‘Not going to be 80’: Michael J Fox’s emotional admission

Michael J Fox has made heartbreaking admission about his 30-year battle with Parkinson’s disease, revealing “every day gets tougher”.

“I’m not gonna lie, it’s getting harder,” the Back to the Future star told CBS’s Sunday Morning in an emotional interview said.

“It’s getting tougher. Every day gets tougher. But that’s the way it is.”

Fox, now 61, was diagnosed with Parkinson’s in 1991. He told interviewer Jane Pauley the incurable degenerative disease was “the gift that keeps on taking”.

He said recent struggles – including breaking multiple bones in a fall, including some in his hand and his face – had made him think more about his own mortality. He told Pauley he also recently had spinal surgery for a benign tumour.

In 2020, when working on the TV legal drama The Good Fight, Fox found his memory was failing, a common problem driven by Parkinson’s progress. He couldn’t remember his lines.

“It got worse. I broke my cheek, then my hand, then my shoulder, had a replacement shoulder put in and broke my arm, then I broke my elbow. I’m 61 years old, and I’m feeling it a little bit more,” he told People magazine in 2022.

The Family Ties star said he had started to accept Parkinson’s could cause him to have a fatal accident at any time.

“Falling and aspirating food and getting pneumonia — all these subtle ways that get you,” he said.

“You don’t die from Parkinson’s, you die with Parkinson’s. So I’ve been thinking of the mortality of it. I’m not going to be 80.”

In April, Fox revealed he had been buoyed by a breakthrough in Parkinson’s research, funded by his Michael J. Fox Foundation and described by Fox as “a gigantic leap”. The culmination of more than a decade of research and hundreds of millions of dollars, it found that a key Parkinson’s pathology can be identified by examining spinal fluid from living patients, allowing earlier intervention.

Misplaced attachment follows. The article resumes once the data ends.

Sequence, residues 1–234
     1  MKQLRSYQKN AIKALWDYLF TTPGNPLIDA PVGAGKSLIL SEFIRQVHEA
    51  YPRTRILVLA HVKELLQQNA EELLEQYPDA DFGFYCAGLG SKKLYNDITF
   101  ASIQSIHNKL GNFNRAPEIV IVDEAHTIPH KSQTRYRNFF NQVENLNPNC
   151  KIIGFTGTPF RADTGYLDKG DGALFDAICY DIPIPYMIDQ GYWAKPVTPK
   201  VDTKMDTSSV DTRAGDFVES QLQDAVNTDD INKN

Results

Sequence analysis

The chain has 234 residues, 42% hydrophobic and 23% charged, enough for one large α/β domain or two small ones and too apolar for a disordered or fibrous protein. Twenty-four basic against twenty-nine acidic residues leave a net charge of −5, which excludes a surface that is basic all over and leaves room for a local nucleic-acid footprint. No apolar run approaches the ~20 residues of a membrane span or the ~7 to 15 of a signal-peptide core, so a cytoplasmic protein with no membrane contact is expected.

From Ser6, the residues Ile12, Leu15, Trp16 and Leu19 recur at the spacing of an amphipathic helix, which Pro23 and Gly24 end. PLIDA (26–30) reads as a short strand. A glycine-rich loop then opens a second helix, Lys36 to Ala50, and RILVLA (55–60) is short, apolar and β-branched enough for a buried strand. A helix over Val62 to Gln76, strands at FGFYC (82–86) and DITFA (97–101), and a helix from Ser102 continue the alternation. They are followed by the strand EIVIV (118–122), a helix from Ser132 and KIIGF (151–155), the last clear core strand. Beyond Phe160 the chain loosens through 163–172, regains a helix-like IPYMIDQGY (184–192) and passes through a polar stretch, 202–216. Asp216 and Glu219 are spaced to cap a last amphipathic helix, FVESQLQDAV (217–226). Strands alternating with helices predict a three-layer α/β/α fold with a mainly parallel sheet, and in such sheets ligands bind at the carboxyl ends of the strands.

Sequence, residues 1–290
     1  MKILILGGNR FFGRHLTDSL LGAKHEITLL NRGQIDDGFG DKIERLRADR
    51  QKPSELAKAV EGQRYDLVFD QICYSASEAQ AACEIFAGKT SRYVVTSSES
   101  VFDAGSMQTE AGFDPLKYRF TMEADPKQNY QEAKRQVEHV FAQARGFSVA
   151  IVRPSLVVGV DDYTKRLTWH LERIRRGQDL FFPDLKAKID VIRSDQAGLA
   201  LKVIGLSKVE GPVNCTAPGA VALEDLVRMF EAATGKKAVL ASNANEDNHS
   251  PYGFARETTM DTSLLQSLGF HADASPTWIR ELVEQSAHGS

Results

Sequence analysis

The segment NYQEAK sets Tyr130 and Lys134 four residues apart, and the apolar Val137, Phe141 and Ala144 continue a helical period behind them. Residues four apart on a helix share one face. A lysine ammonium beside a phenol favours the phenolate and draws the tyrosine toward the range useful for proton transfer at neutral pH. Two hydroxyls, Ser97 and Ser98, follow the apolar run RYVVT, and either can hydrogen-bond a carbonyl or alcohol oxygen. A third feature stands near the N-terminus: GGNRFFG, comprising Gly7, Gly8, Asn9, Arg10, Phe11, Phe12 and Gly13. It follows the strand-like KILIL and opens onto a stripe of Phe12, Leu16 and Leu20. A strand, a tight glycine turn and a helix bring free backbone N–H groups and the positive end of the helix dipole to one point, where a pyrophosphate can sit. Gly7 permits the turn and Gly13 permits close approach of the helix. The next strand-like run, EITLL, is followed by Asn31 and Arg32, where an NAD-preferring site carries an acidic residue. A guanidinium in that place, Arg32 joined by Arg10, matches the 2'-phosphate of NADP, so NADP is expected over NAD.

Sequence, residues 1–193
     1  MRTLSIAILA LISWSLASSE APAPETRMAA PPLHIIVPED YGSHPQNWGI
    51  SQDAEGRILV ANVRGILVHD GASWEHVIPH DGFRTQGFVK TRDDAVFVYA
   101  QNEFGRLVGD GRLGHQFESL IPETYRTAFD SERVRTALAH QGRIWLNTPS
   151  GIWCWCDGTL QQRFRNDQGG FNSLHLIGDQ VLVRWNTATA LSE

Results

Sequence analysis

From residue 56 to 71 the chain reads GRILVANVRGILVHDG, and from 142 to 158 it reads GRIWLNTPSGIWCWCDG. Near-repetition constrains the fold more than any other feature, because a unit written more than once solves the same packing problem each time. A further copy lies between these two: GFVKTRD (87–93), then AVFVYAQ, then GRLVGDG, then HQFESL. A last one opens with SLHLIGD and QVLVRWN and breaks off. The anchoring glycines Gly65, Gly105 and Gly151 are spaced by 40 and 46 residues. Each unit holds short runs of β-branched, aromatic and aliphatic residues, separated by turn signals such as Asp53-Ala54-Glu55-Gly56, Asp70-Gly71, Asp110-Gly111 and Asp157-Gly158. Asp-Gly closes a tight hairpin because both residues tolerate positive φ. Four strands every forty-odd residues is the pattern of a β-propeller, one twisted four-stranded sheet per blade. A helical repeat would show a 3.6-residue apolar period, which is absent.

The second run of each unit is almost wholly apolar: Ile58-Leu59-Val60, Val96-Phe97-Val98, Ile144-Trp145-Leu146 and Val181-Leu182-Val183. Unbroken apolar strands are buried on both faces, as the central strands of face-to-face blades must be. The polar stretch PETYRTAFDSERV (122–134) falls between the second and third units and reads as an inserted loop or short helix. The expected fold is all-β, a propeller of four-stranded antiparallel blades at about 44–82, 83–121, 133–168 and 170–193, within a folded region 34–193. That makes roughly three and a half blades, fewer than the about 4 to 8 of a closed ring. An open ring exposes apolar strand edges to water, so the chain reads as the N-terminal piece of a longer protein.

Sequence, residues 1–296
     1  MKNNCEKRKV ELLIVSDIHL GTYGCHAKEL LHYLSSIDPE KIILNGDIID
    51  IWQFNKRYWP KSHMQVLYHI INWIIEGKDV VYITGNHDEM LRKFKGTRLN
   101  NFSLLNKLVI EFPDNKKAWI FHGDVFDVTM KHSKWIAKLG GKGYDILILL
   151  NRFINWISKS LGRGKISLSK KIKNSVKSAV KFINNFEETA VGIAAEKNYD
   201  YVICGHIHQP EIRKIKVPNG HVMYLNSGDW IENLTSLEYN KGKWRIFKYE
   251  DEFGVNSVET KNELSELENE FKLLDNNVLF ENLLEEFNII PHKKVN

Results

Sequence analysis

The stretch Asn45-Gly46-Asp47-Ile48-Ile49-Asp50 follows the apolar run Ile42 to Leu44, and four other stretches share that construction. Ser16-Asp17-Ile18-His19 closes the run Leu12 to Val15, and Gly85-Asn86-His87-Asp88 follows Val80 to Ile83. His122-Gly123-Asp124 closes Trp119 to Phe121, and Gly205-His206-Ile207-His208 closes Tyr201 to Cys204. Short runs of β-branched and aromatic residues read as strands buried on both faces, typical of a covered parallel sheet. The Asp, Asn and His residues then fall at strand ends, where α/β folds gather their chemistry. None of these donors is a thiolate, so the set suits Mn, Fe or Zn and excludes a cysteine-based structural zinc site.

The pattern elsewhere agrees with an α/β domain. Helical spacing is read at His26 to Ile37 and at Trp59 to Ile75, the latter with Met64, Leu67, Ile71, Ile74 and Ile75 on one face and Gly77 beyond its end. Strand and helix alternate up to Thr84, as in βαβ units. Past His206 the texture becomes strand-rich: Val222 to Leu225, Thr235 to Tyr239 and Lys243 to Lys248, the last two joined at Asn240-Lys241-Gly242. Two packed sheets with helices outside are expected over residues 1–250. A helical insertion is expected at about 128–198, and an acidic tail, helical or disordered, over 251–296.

Fox has said he was “deeply moved” by the breakthrough. Soon, he said, a young child might be able to simply get a nasal swab.

“It’s all changed. It can be known and treated early on. It’s huge,” he said.

Sunday’s emotional admission came in an interview to promote Still: A Michael J. Fox Movie, a documentary about the star, his life and family,  and how living with Parkinson’s affects their day-to-day reality.

He told CBS he had had the disease for “30-plus years”, and that his “life is set up so that I can pack Parkinson’s along with me if I have to”.

“I recognise how hard this is for people, and I recognise how hard it is for me, but I have a certain set of skills that allow me to deal with this stuff,” he told Pauley.

“I realise, with gratitude, optimism is sustainable.”

“If you can find something to be grateful for, then you can find something to look forward to, and you carry on,” he said.

Still: A Michael J. Fox Movie premieres on Apple TV+ on May 12.

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